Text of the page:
[To the editor.]
Sir,—In perusing the December No. of the “S.S.” I noticed with some surprise a statement appearing over the initials of “F.F.” in his review of the life of Parnell. I take exception to the following statement :
“The Industrial Unionist copies the lawlessness of the Fenian with sabbotage, but has never yet—even in United States—scored any success worth mentioning.”
Now my information regarding the rights of Free Speech, etc. has been that the I.W.W. has done vigorous, useful, and necessary work in that direction. If my information has been wrong I shall be grateful to be corrected.
The Battersea local of the I.W.W. are having an address from two fellow workers who have just arrived in this country, Dec. 14th, the theme to be : “The Work of the I.W.W. in America.” My object in writing is that you (if possible) depute someone to attend that meeting and support the contentions in “F.F.’s” article.
In the article our friend quotes from the reference is not, as he would seem to imply, to the I.W.W. of America only, but to Industrial Unionists all over the world. Sabbotage is one of their chief planks, much advocated, but, of course, practised little. The meanirg of the passage quoted, especially when taken with the rest of the paragraph, should be clear. The Industrial Unionists, even in the United States, where they are strongest, have gained by Sabbotage nothing worth mentioning. It must also be clear that the writer of the above, although he takes exception to the passage, yet raises nothing that even questions its accuracy. For if the I.W.W. have, as he claims, “done vigorous, useful, and necessary work” for the right of free speech, he neglects to tell us if they won any of these “rights,” and how sabbotage was instrumental in that direction. The I.W.W. no more fights for free speech with sabbotage than the Fenians did with outrages.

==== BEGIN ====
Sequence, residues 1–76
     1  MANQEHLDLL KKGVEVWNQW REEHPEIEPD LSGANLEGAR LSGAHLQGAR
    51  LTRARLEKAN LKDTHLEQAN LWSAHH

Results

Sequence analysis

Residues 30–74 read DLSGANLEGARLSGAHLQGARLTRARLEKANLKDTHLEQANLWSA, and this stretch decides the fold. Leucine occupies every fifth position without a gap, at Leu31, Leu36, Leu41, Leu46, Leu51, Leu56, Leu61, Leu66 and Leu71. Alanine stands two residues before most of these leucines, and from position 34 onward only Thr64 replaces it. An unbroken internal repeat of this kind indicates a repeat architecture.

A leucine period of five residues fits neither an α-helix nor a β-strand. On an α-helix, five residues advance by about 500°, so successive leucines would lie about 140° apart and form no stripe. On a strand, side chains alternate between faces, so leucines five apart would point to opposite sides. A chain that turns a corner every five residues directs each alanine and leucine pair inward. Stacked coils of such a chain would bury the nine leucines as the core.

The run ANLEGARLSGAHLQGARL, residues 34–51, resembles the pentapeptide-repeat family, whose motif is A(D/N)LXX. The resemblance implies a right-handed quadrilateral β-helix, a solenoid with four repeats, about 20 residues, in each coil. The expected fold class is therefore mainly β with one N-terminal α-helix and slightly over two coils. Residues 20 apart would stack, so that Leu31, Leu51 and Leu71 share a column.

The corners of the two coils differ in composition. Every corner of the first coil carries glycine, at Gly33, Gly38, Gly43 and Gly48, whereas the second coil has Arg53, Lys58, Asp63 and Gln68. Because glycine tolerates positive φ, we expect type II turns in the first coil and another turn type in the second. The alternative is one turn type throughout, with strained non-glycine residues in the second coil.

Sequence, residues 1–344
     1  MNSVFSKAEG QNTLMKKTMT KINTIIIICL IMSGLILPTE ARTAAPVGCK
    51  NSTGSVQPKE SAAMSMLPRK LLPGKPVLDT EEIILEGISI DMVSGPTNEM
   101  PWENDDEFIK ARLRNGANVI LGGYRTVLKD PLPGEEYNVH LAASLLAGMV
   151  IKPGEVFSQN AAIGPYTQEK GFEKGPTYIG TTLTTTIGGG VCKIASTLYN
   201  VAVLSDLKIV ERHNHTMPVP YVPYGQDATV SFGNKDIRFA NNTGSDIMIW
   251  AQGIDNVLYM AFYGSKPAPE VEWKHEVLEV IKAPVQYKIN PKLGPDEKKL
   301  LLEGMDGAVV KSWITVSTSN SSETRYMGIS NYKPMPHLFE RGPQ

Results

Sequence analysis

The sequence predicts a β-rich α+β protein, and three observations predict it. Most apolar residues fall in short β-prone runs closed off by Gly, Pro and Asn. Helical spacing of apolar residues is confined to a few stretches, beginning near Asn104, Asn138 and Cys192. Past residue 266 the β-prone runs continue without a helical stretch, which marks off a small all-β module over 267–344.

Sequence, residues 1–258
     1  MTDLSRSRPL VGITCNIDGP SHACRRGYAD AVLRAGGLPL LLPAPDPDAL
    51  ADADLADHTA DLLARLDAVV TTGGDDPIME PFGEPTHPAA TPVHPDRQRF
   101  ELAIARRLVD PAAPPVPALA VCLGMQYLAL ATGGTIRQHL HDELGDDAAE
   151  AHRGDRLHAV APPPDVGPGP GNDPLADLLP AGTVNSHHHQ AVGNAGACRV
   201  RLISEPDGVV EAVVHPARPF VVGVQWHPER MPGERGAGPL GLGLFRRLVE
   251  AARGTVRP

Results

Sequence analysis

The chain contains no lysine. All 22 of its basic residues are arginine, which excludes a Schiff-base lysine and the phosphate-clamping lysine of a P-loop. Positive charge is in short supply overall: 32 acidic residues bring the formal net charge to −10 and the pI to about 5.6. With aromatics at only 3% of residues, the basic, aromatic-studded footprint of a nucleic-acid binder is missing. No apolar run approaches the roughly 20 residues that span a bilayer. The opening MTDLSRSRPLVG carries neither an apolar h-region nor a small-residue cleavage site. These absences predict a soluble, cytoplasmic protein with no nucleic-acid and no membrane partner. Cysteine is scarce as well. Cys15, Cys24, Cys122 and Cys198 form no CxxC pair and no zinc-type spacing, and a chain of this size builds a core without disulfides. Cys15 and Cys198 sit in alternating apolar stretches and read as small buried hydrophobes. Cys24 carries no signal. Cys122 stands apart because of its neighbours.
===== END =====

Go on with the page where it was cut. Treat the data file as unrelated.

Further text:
Mr. Savage is evidently mixed as to his terms. Sabbotage, in theory, looms so big in his mind that it stands for Industrial Unionism, of which—according to its apostles—it is merely a part. But even had I said that Industrial Unionism has gained nothing worth mentioning for the workers, my critic still gives no reason for taking exception even to that. Every party fights for free speech, i.e. , they contend with the obstacles that hinder the dissemination of their ideas. The Suffragettes contended against hooligans ; so did the Welsh Christ ; so also did the Liberal Party during the South African War. But what have the workers gained by their efforts ? Have they gained any rights, knowledge, or material improvement ?
It is not so much free speech that the workers require as speech embcdying that which is, from their viewpoint, essential, logical, and correct. The Industrial Unionist might advocate Sabbotage and the General Strike until the workers believed in them as pathetically as they to-day believe in the “directive ability” of the capitalist or the “brotherhood of Capital and Labour”—and what then ? They would only have learned how to destroy wealth, or to hinder its production. The problem waiting their solution would still be the same that confronts them to-day—how to produce fer their own use instead of for the profit, of the capitalist.
For this problem the Industrial Unionists have no practicable solution ; and until they have we can only class them with all the other freak organisations that “claim the right to babble.”
One of the “friends” mentioned in Mr. Savage’s letter, at a previous meeting of the I.W.W. asked the speaker (who had favoured political action by the workers): “Of what possible value is the vote to the worker, seeing that when he has given it is no longer under his control, is, in fact, lost ?” If this is a sample of their “free speech” we do not regret our inability to respond to their invitation, which, by the way, arrived a day after the meeting announced.